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ACS Chem Biol. 2017 Sep 15;12(9):2388-2398. doi: 10.1021/acschembio.7b00369. Epub 2017 Aug 22.

Structural Basis of Analog Specificity in PKG I and II.

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Structural and Computational Biology and Molecular Biophysics Program, Baylor College of Medicine , Houston, Texas, United States.
Department of Pharmacology and Chemical Biology, Baylor College of Medicine , Houston, Texas, United States.
Department of Biochemistry, University of Kassel , Kassel, Hesse, Germany.
Berkeley Center for Structural Biology, Lawrence Berkeley National Laboratory , Berkeley, California, United States.
Verna and Marrs McLean Department of Biochemistry and Molecular Biology, Baylor College of Medicine , Houston, Texas, United States.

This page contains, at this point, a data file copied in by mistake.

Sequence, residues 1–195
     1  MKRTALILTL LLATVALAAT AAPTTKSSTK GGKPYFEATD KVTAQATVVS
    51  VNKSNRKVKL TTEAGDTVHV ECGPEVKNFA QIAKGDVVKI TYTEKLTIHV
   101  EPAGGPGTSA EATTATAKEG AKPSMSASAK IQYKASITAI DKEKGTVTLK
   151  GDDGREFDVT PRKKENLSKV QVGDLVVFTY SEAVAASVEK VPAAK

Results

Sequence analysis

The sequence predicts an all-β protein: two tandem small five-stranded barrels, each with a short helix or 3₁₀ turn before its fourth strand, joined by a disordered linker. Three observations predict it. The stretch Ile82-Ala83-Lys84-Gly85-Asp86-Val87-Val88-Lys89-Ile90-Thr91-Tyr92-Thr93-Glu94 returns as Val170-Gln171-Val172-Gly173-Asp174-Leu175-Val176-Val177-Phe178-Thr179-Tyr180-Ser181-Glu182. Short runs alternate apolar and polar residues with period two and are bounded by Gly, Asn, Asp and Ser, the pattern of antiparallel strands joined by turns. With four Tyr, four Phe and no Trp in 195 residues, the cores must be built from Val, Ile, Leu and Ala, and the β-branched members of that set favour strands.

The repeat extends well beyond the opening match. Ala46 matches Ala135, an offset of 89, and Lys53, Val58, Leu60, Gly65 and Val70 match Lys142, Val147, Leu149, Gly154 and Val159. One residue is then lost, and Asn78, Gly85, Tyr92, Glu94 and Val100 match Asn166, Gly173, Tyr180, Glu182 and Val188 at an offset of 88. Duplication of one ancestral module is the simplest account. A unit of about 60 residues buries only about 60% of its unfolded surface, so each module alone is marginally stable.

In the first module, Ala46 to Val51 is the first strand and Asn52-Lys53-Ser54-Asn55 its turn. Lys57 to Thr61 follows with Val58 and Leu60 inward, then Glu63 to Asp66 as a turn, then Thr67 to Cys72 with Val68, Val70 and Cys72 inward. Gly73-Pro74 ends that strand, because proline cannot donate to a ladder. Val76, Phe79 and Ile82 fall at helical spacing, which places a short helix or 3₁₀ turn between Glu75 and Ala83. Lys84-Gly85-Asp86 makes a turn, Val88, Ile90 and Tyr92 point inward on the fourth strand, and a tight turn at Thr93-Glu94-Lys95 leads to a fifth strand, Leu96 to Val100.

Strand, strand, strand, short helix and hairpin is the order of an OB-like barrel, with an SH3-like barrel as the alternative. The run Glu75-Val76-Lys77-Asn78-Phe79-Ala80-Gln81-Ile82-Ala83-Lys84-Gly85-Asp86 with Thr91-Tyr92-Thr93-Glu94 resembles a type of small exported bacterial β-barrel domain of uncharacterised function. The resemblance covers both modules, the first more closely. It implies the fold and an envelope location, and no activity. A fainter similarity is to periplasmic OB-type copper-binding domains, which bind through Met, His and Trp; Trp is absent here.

Cyclic GMP analogs, 8-Br, 8-pCPT, and PET-cGMP, have been widely used for characterizing cellular functions of cGMP-dependent protein kinase (PKG) I and II isotypes. However, interpreting results obtained using these analogs has been difficult due to their low isotype specificity. Additionally, each isotype has two binding sites with different cGMP affinities and analog selectivities, making understanding the molecular basis for isotype specificity of these compounds even more challenging. To determine isotype specificity of cGMP analogs and their structural basis, we generated the full-length regulatory domains of PKG I and II isotypes with each binding site disabled, determined their affinities for these analogs, and obtained cocrystal structures of both isotypes bound with cGMP analogs. Our affinity and activation measurements show that PET-cGMP is most selective for PKG I, whereas 8-pCPT-cGMP is most selective for PKG II. Our structures of cyclic nucleotide binding (CNB) domains reveal that the B site of PKG I is more open and forms a unique π/π interaction through Arg285 at β4 with the PET moiety, whereas the A site of PKG II has a larger β5/β6 pocket that can better accommodate the bulky 8-pCPT moiety. Our structural and functional results explain the selectivity of these analogs for each PKG isotype and provide a starting point for the rational design of isotype selective activators.

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